Mrs. Craig returned to San Antonio and enlisted her 100-member Philathea Sunday school class at Travis Park Church to pray for the devotional idea. Meanwhile, Dr. Grover Emmons, the director of what would be today a division of the denomination’s General Board of Discipleship, was directed to begin work on it. He established the format for the magazine’s entries—a scripture verse, a suggested scripture reading, comments, a prayer, and a closing thought—that is used to this day. From the start, the magazine was intended to reach beyond the Methodist church, focusing on what Christians hold in common rather than on their differences. When the first issue of the devotional guide was ready to print in early 1935, it still had no name. But then Dr. Emmons was inspired by a sermon extolling the power of God that descended on Jesus’ disciples as they prayed in an “upper room” (Mark 14:15 KJV). In an amazing show of faith, Dr. Emmons ordered a printing of 100,000 copies. The issue sold out. Interest in “the little book” soon soared as readers embraced the daily habit. From the start, everyday people submitted meditations they had written. At first The Upper Room editors chose not to include them in the magazine. But then, in 1938, they recognized the importance of diverse voices and opened submissions to all. Within the next year, the magazine was translated into three additional languages and circulation reached an astounding one million copies.
The Bucket Brigade
Did you know that our basement was dug out by a bucket brigade of church members in 1941? Here’s a paraphrased excerpt from Josephine Forman’s book, We Finish to Begin: Until 1941, the area under the current church sanctuary was just dirt. That year, the church decided to excavate the basement to make room for Sunday school rooms. The Coca Cola Bottling Co. loaned a number of Coca Cola boxes and a long conveyer with rollers on it. Trucks were driven into what is now the Children’s Building next door, the dirt was put in the boxes, rolled out through the windows, and put in the trucks. The men worked from 6:30 to 10:00 pm each night for two weeks, with fifteen or twenty men each night. 316 yards of dirt were excavated from the basement, making available a room containing approximately 1500 square feet. The area was remodeled, a cement floor was put in, and posts were put in place to hold up the ceiling.
Church History: Youth Building 1948-50
When the remodeling and reconstruction of Harmony Hall, now known as the Youth Building, began in 1948, it proved to be a much larger project than anticipated. An interview with Horace Hebdon in 1979 provided this story: “The original plan was to wreck Harmony Hall and build a new building; but the engineer thought it was a good building, and suggested to the pastor, Dr. Shirkey, that it be preserved and remodeled. The architect drew the plans and called for bids, but there were none because in the period immediately following WWII builders had all the work they could do. It was decided to get a good contractor to do the job, and Howard Bumbaugh took it on a ten percent fee basis, with an estimate of $75,000. It turned out to be $150,000. First, the picture window planned for the front was too heavy for the old building, so the entire front had to be taken out and replaced with reinforced concrete and steel. Removal of the front left the side and back walls standing, supporting the roof. Bumbaugh called a meeting of the Building Committee, in which he said, ‘The wall is down, and ready for the front, and frankly I’m scared to death it is not going to be able to stand by itself.’ The engineer said, ‘My recommendation to remodel did not envision taking off the front. Now you had better get busy quick because the walls could not stand in a heavy windstorm.’ On the sides of the building were bricks which appeared to be solid pillars, but when the roof was taken off they were found to be hollow. Concrete was poured into the hollow pillars to reinforce the walls, the steel beams were put in place as quickly as possible, and the front was put on.” Sources: Church Archives and We Finish to Begin by Josephine Forman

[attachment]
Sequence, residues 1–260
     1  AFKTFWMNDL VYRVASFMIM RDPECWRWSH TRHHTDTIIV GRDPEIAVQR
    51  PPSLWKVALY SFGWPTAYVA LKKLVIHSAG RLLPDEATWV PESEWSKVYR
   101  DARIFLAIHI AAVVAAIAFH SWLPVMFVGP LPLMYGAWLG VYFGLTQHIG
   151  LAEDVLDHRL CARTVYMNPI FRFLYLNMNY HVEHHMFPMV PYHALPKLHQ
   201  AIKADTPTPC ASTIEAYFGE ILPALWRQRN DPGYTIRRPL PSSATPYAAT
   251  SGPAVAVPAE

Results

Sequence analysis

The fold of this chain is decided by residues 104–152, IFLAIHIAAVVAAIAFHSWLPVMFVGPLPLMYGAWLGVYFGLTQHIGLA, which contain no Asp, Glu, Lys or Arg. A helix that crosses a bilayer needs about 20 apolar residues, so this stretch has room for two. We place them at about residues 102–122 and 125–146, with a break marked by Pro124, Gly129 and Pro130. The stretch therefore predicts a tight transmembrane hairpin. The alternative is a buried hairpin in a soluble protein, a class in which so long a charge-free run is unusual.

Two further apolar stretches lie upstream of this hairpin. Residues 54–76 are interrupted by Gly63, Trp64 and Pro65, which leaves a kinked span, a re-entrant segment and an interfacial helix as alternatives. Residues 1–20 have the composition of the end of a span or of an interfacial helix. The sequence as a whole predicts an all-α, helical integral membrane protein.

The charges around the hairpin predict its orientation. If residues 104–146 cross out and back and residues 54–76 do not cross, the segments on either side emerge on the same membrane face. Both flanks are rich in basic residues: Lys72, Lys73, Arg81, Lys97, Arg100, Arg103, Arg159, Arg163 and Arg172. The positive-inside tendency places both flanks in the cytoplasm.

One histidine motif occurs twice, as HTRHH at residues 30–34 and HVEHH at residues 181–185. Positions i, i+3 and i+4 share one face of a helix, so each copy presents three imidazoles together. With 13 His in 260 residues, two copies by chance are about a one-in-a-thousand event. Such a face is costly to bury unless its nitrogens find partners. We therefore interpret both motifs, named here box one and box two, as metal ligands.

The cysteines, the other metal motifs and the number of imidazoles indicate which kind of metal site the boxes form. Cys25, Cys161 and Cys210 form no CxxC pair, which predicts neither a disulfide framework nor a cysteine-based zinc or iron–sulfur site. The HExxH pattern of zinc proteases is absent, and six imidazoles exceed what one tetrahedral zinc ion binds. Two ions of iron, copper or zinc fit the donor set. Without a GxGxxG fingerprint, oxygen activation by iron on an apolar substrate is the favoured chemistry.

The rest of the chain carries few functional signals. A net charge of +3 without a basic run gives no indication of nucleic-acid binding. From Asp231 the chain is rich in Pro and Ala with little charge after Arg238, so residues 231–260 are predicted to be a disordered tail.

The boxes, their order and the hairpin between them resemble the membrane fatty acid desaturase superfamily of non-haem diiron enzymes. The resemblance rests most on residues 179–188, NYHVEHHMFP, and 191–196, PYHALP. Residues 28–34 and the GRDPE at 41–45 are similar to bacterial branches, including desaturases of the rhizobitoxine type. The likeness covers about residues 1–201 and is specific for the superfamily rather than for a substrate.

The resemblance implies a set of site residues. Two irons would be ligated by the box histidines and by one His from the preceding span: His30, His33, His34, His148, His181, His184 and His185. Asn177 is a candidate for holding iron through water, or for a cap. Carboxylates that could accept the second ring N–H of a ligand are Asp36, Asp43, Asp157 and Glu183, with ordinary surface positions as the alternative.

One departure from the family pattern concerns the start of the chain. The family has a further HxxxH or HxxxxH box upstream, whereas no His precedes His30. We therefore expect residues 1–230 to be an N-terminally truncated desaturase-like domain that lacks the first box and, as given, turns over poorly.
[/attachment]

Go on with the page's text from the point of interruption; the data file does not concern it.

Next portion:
Church History: Loring Window
The large stained glass window in the shape of a cross (on the front of the Youth Building facing Navarro Street) was a gift of Mr. and Mrs. Porter Loring. At the time of its installation in 1950, the fifty foot window was the tallest in the United States. It is made of 4700 pieces of stained glass from many countries, including England, France, Belgium, Germany, and the US. Architect Henry Steinbomer conceived the idea and the design was done by Joseph Meyer of the Jacoby Stained Glass Studio in St. Louis, Mo.